Being a Northern Louisiana native, I get a lot of criticism from Cajuns here in Baton Rouge. Over and over again I have been called a “Yankee” or a “Texan”. I will never embrace either of the nicknames but I will do my best to learn more about this red stick land and the football culture that I am surrounded by.

So when I heard about Dutchtown High School having two former players entering the 2013 NFL Draft I had to do some investigating.

First, I googled Dutchtown high to find that it is located in Geismar, which is right outside of South Baton Rouge.

Second, Dutchtown high has close to 2,000 students from eighth grade to twelfth grade.

Third, Dutchtown high has never won a football state championship.

So how does a high school such as Dutchtown, which is not a powerhouse football program, produce two outstanding football stars?

Well when you have players such as Eddie Lacy and Eric Reid in your program, it seems simple.

Eddie Lacy, a former Alabama running back, and Eric Reid, a former LSU safety, are the first two players to be drafted from the Geismer School. And both players decided to forgo their senior season and be available for the 2013 NFL Draft.

More to come on their upcoming journeys to the NFL… stay tuned.

LSU defense tries to pick up after losing so many pieces

With LSU experiencing a major turnover on defense with the early departure of six key players, the Spring Game was the perfect preview to gauge what we can expect from the newly formed Tiger defense in the fall.

Delivering big for the White team were returning defensive tackles Ego Ferguson and Anthony “Freak” Johnson. Ferguson completed for a total of seven tackles with one tackle for loss, and both players received outstanding player awards for their top performances during the award ceremony immediately after the game. The two paired up as the ultimate defensive duo helping lead the White team to a 37-0 victory over the Purple team.

Even with losing players central to the team’s defense- including defensive ends Barkevious Mingo and Sam Montgomery, defensive backs Eric Reid and Tharold Simon, defensive tackle Bennie Logan and linebacker Kevin Minter, Ferguson remained confident that he and the rest of the squad would not come up short in 2013. “A lot of people said that we couldn’t do it and that we were a lot thinner of a defensive line since we lost a few people. I had the mindset that I wanted to prove a lot today,” Ferguson said.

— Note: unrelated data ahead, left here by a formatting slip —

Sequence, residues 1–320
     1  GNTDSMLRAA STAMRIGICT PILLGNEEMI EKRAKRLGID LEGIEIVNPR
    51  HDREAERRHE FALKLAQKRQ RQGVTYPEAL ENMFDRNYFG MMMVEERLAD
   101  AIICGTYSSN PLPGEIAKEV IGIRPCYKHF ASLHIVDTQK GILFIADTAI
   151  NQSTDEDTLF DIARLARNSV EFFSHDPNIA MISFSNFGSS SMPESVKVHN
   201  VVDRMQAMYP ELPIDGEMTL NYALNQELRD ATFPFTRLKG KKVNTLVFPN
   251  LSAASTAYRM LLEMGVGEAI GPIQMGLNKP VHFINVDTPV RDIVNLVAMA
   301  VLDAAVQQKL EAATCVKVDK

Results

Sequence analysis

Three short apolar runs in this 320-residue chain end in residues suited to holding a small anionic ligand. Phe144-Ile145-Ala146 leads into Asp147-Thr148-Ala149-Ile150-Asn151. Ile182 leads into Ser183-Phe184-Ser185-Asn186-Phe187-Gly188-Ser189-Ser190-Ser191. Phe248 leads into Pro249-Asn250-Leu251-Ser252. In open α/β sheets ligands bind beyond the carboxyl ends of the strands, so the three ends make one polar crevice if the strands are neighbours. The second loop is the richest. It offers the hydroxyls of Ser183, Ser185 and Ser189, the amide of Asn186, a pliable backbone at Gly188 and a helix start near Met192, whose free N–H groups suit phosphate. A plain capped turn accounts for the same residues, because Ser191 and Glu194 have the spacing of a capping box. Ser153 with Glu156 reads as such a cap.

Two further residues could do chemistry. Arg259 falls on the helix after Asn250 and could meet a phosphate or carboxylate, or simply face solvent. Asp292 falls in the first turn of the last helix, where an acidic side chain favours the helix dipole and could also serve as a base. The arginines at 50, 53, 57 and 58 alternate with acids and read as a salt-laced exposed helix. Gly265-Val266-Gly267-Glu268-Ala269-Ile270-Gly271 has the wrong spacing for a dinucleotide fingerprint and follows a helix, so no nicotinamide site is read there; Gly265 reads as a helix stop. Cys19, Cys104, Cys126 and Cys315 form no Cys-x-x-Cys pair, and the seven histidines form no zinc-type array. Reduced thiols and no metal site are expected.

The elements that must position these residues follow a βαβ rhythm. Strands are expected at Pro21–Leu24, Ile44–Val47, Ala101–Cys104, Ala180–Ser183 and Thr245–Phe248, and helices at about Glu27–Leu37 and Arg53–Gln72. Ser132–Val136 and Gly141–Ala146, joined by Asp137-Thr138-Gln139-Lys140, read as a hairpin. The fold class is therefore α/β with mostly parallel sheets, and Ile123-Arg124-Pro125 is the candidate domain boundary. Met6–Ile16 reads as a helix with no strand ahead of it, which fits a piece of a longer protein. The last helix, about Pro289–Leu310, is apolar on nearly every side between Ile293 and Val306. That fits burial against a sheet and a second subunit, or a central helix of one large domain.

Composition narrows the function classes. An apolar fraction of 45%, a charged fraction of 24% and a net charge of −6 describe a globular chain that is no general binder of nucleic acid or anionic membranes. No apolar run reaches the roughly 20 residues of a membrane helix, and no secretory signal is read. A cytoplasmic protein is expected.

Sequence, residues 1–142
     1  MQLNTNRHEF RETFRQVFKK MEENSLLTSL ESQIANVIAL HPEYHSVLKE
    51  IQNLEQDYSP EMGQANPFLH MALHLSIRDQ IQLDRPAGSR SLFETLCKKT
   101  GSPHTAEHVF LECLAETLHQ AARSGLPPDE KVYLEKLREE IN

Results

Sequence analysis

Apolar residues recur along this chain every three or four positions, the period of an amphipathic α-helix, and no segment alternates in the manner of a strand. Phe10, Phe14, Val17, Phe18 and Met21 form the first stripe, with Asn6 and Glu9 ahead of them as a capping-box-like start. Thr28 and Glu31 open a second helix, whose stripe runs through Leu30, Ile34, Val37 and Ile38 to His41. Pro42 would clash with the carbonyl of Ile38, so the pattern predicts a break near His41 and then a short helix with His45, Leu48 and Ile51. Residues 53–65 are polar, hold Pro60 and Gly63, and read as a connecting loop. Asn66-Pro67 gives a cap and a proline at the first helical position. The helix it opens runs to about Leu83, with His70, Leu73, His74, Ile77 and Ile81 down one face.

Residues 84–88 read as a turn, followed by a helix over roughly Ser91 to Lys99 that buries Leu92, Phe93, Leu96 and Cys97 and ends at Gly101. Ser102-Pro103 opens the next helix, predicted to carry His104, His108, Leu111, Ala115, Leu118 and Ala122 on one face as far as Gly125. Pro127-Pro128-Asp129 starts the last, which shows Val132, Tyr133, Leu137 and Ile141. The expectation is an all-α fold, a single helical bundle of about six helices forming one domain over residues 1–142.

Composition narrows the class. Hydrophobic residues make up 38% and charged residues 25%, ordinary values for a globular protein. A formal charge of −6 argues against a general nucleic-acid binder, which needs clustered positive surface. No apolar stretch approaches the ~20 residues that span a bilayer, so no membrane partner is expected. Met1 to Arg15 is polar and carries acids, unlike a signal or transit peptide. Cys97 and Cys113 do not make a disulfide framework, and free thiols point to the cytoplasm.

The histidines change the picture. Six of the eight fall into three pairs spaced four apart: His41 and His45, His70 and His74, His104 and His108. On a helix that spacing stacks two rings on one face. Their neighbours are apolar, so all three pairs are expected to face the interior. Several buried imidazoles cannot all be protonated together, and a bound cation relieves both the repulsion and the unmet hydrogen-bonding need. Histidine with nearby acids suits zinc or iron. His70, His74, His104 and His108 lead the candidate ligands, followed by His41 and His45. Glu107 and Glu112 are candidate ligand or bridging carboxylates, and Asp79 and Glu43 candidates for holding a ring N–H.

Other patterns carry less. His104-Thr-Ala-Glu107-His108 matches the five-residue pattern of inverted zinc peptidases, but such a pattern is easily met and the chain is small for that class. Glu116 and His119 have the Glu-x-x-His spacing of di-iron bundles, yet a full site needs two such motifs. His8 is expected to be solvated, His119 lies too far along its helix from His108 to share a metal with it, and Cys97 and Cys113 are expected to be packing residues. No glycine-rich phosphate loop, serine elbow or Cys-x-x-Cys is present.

In regard to his partnership with Johnson, Ferguson said, “I feel like we are going to be the best duo in the country this year. I feel like if we keep pushing each other, then the sky is the limit.”

Making an immense contribution defensively was sophomore Danielle Hunter, who finished the game with a game-high eight total tackles, two sacks and two tackles for loss. Seniors Lamin Barrow and Craig Loston also stepped up on defense with Barrow recording seven total tackles and Loston six.

Loston explained that the key to a successful season is for each player to take accountability and carry out their individual roles.

“You have about three seconds to get the ball out and that’s what we try to accomplish. We make sure to take care of our jobs. If each of us does our job individually, then we will get the play we want,” Loston said.

Coach Les Miles was pleased with the defensive performance from the White team. “Defense played well,” Miles said. “We played one front and one coverage and tackled well and played how they’re supposed to. Danielle Hunter had a nice day. Anthony Johnson, Lamin Barrow and Craig Loston looked like the first team defense.”

While the purple team was unable to put any points on the board, sophomores Kwon Alexander and Tommy LeBeau proved they could potentially be assets to the Tiger defense during the regular season. Though unable to make crucial stops against Mettenberger and the white team offense, Alexander was able to complete for a total of seven tackles and one tackle for loss while LeBeau finished with six total tackles.

The Tiger’s defensive line couldn’t be much more new, but Ferguson assures that the newer players are capable of handling the job if needed.

He said, “We have a lot of speed and young guys stepping in and picking it up for us.”